The Chaim Walder saga that has unfolded over the past weeks has created upheaval across the Jewish world, as it must. Walder was one of those profoundly sick people who built trust in order to exploit it in manipulative and destructive ways, shattering an entire community’s sense of trust.
There has been a flood of responses to this tragedy. Some of those responses demonstrate a severe lack of understanding of sexual abuse, highlighting the work that remains to be done on abuse prevention, discovery of victims, and response to perpetrators. And many voices have spoken clearly to the issue, bringing to the fore the growing number of individuals who can be turned to and organizations that are doing real work in this critical area.
There is much to say and even more to do. Here we will make only a few critical points:
1. Our primary duty – as parents and siblings, friends and neighbors, educators and communal leaders – is to provide for the safety and security of those around us and to protect them from those who would inflict harm. A critical component of that responsibility is to create an environment in which victims of abuse feel comfortable speaking up and receive emotional support and comfort from the community, enabling them to rebuild a sense of trust and belonging.
2. The Walder case is a true horror, featuring a major public figure – a rabbi, educator, therapist, popular author, and media personality – egregiously violating the trust placed in him. The headline-grabbing story demonstrates the fallibility of our leaders and builds the essential awareness of our need to maintain personal safety in all contexts and relationships.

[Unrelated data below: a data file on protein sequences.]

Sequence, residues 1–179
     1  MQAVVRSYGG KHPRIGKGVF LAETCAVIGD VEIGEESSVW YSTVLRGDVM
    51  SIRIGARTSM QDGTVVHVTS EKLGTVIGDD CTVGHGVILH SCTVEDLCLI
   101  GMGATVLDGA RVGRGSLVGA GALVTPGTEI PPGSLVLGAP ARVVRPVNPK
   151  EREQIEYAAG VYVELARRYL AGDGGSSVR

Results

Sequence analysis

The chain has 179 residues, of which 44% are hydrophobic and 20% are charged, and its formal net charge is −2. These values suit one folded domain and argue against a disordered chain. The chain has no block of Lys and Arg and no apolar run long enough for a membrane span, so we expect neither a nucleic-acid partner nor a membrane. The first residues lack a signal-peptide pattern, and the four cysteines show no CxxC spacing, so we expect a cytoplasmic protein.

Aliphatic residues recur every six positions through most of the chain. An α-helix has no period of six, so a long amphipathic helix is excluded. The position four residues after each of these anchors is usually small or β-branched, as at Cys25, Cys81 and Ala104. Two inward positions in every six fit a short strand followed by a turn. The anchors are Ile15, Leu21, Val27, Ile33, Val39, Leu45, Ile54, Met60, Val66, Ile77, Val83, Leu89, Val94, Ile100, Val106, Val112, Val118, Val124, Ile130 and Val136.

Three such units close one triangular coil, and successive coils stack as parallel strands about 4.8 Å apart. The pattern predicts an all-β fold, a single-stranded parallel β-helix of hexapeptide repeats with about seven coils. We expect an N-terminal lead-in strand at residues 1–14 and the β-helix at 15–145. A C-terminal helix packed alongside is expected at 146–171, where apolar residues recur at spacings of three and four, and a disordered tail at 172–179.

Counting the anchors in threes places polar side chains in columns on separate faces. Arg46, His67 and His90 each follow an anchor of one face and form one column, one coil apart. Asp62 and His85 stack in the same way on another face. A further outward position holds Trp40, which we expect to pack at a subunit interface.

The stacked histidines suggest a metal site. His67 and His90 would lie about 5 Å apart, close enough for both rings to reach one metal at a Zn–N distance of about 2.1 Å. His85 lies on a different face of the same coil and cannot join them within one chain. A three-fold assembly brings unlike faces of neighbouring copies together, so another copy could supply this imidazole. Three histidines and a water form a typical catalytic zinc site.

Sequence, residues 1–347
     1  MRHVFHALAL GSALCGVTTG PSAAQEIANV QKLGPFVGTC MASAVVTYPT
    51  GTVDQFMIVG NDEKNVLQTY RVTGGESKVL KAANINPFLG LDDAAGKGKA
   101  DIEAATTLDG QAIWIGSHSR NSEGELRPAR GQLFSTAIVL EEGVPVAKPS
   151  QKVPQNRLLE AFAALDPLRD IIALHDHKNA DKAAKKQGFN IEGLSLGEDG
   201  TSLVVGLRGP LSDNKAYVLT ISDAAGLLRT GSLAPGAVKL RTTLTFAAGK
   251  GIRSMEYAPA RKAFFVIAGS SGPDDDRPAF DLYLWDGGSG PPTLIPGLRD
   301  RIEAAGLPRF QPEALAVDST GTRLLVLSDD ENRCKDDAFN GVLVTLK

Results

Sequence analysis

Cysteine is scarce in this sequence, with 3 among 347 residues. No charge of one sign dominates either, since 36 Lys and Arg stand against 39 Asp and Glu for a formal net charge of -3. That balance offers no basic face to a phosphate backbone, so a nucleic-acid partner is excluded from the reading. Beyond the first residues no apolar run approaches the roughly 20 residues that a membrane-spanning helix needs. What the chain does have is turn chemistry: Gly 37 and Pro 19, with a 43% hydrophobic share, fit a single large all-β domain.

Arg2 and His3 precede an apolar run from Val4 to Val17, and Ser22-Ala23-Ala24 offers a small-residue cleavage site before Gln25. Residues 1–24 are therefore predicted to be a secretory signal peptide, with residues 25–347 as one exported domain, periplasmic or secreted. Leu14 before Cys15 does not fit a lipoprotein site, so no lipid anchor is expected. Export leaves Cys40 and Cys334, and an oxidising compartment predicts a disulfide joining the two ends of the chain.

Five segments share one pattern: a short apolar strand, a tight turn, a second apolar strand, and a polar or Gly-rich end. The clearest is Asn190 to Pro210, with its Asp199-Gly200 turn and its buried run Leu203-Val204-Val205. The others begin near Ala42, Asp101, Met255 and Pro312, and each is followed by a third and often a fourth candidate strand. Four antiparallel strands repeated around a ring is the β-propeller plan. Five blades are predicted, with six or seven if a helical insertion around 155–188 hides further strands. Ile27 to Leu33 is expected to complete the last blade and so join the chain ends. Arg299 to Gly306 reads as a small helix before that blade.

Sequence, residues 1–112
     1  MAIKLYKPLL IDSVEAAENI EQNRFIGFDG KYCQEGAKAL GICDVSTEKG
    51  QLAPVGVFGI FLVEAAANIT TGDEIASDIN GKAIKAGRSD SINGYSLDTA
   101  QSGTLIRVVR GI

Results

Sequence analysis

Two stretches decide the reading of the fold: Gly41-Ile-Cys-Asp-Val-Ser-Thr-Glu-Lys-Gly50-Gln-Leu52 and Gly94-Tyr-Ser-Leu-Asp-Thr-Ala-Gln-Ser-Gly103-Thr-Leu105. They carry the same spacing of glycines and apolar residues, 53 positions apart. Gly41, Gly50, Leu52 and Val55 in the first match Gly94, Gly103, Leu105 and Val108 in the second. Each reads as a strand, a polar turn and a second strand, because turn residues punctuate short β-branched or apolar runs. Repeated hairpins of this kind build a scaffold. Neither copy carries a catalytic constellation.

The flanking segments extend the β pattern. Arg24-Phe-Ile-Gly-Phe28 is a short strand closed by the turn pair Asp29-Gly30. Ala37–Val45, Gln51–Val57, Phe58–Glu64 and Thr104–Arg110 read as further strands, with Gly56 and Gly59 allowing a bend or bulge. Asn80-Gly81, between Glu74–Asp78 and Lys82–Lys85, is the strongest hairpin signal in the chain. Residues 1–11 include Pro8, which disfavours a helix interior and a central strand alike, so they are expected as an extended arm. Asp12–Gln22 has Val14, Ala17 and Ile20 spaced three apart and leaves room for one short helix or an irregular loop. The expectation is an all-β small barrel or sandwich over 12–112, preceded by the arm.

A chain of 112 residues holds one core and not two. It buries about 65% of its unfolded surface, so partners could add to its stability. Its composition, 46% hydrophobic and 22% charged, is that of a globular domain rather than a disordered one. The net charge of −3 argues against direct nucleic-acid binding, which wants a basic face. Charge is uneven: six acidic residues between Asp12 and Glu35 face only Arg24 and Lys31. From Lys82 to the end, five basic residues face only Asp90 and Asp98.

But we may not allow this moment to pass without increasing awareness of the more prevalent and hidden incidence of sexual abuse between siblings, family, and peers. These are the stories that occur far more often but due to their narrower scope and lower profile rarely create a headline. As a result, we tend to be far less educated about this danger, leaving us less vigilant in detecting it and less receptive to claims that it has occurred.
3. While the Orthodox community has made meaningful – though clearly insufficient – progress in the realms of prevention of abuse and discovery of its victims, our community has made less progress regarding the perpetrators. Effort after effort is stymied by competing pressures. As Moshe Rabbeinu discovered in his first forays into communal life, while it may be easy to defend a Jew from an external aggressor, the opposite is true when Jews threaten each other. In those situations, voices will be raised that paint the aggressor as the victim, with biases and loyalties clouding what should be a clear sense of justice.
We must be clear and unequivocal that incidents of sexual abuse must be reported to the relevant authorities, and that our absolute priority is the health and safety of victims and the prevention of further victimization. Our priority is not the perpetrator or his family.
There is much work that our community needs to do. We need to use this moment to begin to get more of that work done.